Price: £198.27 from www.amazon.co.uk
Pros: Sound quality, comfort
Cons: Only guaranteed to work correctly with iPhone and iPod touch.
Recently I had the pleasure of trying out the Klipsh S4i headphones and found them to be a fantastic sounding and comfortable to wear pair of earphones. For around £85, they are certainly one of the best you can buy. So can Klipsh really justify charging around £200 for its X10i headphones? It does seem slightly odd that there’s no pair filling in the price gap between the two sets, so can these really worth the huge step up in price?
In a nutshell, they are. And how. Let’s get right down to it- the Klipsch X10i headphones are fantastic. The X10i’s are an update of the X10 that have been around for a year or so, but add an inline three button remote and integrated microphone, making them a perfect match for the iPhone, enabling users to answer and end calls with a press of the centre Play button and skip between tracks. It will also work with Voiceover, as used on the 3rd Gen iPod shuffle. The other distinguishing aspect of these top-of-the-range earphones is that they are incredibly small and light, weighing just 10.5g and making them less fatiguing to wear for long period.
The set feels special as in the box you get a faux leather case to carry them, a 3.5mm to phono plug connector, and an airplane adaptor. Most crucially though, Klipsch includes a selection of ear tips to ensure you get the perfect seal. This is important to ensure that you get an airtight seal thus providing you with real sound isolation which means you can play your music at lower volumes. You’ll also get a fuller and truer bass response from the headphones, which will have a massive impact on sound quality.
Klipsch provides five sets of ear tips, two with ‘double flange’ tips that it claims will give the tightest fit and best sound isolation. However, I knew straight away that these would not fit my ear canals, and though I gave it a go I was proved right. Fortunately, the smallest ear tip provided me with a snug fit, ensuring great sound isolation and tight bass. Klipsch suggest you push the headphones in and then pull them out slightly to get the snuggest fit possible.
Klipsch is the only manufacturer to offer oval shaped earbuds, which it claims more naturally matches the shape of the ear canal to ensure a more comfortable fit. It seems to work too, as I found I could wear the X10i’s for a hours at a stretch without it proving uncomfortable. Considering you’re sticking something in your ear, that’s impressive.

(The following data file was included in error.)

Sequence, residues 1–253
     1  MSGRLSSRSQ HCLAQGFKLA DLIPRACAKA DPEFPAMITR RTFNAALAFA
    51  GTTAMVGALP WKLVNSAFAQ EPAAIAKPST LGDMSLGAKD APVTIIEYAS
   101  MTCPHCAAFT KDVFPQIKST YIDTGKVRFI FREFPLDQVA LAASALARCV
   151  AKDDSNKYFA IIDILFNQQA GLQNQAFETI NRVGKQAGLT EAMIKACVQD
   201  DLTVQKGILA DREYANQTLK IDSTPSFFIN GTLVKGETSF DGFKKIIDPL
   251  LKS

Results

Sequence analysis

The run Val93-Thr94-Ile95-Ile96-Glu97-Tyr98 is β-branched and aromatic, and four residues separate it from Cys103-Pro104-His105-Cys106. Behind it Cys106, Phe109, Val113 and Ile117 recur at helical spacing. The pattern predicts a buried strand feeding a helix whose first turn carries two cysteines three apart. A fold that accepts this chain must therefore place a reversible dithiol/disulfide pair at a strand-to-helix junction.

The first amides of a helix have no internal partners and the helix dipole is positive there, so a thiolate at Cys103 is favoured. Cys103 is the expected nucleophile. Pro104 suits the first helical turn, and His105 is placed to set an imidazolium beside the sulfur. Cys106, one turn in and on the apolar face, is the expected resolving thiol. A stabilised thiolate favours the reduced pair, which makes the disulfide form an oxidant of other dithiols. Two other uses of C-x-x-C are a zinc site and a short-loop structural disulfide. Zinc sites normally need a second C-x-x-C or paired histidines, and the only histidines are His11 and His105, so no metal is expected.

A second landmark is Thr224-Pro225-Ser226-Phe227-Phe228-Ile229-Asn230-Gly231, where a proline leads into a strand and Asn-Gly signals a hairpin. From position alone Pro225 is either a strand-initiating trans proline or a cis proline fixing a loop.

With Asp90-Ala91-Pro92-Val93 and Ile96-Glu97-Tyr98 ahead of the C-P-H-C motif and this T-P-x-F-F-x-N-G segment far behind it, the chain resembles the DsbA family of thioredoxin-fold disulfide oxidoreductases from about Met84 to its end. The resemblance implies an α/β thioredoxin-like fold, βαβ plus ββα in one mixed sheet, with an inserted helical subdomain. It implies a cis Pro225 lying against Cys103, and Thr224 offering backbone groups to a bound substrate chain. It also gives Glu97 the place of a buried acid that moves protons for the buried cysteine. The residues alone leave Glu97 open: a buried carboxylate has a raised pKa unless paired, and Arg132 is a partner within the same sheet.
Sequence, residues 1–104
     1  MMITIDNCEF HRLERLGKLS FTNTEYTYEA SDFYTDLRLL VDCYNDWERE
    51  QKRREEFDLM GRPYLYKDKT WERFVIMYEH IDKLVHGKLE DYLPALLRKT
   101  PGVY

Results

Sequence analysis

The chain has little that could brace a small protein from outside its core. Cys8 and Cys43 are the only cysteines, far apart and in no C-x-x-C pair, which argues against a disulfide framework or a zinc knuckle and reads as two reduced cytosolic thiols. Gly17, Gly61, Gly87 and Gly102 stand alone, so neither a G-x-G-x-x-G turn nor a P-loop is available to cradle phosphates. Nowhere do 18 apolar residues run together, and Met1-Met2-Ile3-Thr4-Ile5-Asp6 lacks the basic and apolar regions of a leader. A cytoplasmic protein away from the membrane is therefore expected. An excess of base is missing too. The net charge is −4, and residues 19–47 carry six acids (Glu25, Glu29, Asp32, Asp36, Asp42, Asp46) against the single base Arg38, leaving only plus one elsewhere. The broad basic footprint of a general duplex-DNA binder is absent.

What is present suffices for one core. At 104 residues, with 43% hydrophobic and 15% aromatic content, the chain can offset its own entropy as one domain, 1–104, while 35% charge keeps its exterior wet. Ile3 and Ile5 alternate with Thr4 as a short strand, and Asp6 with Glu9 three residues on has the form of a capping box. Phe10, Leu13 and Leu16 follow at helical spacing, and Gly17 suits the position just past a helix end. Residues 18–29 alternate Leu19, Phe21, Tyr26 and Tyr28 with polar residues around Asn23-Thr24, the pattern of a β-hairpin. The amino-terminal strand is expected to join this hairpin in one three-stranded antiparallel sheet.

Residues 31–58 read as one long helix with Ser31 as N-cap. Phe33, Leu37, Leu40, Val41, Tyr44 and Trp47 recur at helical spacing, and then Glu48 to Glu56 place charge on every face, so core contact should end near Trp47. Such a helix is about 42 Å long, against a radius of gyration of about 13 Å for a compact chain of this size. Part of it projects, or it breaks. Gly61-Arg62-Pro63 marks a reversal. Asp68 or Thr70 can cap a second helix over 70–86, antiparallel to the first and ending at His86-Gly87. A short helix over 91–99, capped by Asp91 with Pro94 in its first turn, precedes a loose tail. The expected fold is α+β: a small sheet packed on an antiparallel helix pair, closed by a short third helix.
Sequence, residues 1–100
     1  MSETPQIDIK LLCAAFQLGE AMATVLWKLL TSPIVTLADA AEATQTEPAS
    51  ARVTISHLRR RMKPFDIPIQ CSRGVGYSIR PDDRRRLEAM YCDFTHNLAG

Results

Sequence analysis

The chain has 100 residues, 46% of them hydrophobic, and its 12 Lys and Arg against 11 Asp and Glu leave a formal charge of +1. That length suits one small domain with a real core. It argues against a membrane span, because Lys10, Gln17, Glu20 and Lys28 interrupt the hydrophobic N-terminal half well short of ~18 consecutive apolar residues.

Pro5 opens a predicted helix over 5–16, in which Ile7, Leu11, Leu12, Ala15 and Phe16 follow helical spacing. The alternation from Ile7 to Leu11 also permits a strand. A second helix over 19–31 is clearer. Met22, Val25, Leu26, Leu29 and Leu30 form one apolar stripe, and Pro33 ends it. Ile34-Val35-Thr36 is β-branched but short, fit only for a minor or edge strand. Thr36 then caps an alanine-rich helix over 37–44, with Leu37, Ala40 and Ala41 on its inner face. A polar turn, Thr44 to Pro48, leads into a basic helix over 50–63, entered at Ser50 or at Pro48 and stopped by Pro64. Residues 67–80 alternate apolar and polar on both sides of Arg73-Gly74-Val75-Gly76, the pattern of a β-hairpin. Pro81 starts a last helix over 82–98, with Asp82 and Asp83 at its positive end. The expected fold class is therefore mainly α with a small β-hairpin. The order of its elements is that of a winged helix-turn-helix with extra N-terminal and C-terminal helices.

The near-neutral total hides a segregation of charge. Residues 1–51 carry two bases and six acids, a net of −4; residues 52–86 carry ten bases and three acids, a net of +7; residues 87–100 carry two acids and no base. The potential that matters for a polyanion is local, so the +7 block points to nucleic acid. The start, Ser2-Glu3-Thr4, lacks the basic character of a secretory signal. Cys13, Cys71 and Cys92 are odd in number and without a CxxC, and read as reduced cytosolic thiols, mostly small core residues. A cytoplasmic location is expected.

As soon as I got hold of them, I was very keen to give them a try. I unboxed them, released them from their impressive packaging and plugged into my ears using those small ear tips, and went straight to my goto track for bass, rhythm and vocal clarity – Michael Jackson’s Billie Jean, encoded using Apple Lossless. The X10i’s delivered, and in spades – the slap of the drums, the movement of the bass, the hi-hats, the vocals – the sheer drama of the track is all there, plugged directly into your skull.
With all types of music the X10i’s are fantastic monitors of the sound, to the extent that if you’re using low bit-rate material you’re going to come a cropper as the X10i’s will ruthlessly reveal any flaws in your source material. As such, I was glad that I’ve most of my CDs have been ripped at a minimum of 192Kbps AAC, and have recently moved to 320Kbps AAC – probably overkill, but I’m happy to have the overhead and it produces smaller file sizes then encoding losslessly.
While I had no issues with the very good S4i’s, listening the X10i’s is like wiping your glasses and being able to see clearly – like moving from a good quality SD picture to HD. What’s impressive is that there’s a balance to the sound, with no one aspect being neglected or becoming overpowering. The mid-range is finely detailed, the bass is full, and the top end is precise and clear. It’s all good.
What’s surprising is that Klipsch only uses a single driver, whereas competitors in this area use three or more. This helps keep the size of the earphones down and enables them to be as tiny as they are.
The only areas I did find of concern is that as with the S4i’s the connector for the earphones plugs in vertically rather than at a right angle. This means that if I have my iPhone on the desk in front of me the right way so that I can see the album artwork the X10i cable has to be bent round at an angle, putting pressure on the cable, which isn’t ideal. Additionally, when you come to pull the earphones out of your iPhone you must be careful to do it at the base as otherwise you could easily pull the cable out. When you spend this much on a set of headphones, that’s not something you want to do.
Another issue I encountered was when I tried to use them with another phone – a Android powered Samsung Galaxy S. While I wasn’t expected the in-line remote to work with the Galaxy S, I was expected the earphones side of things to work – but sadly I was disappointed. The output sounds as if the headphones are not plugged in properly making them unusable. It’s clearly connected to the Apple chip inside as strangely pressing the play button makes the headphones work as normal. Clearly, you’re not going to hold the button the entire time, so sadly the X10i’s are completely unusable with the Galaxy S.
If you’ve just got the iPhone 3GS or iPhone 4 , or a recent iPod however, the X10i’s are simply an outstanding choice. If you really want to hear every detail in your music, answer phone calls with a press of the button and have a comfortable listening experience then the X10i’s really deliver.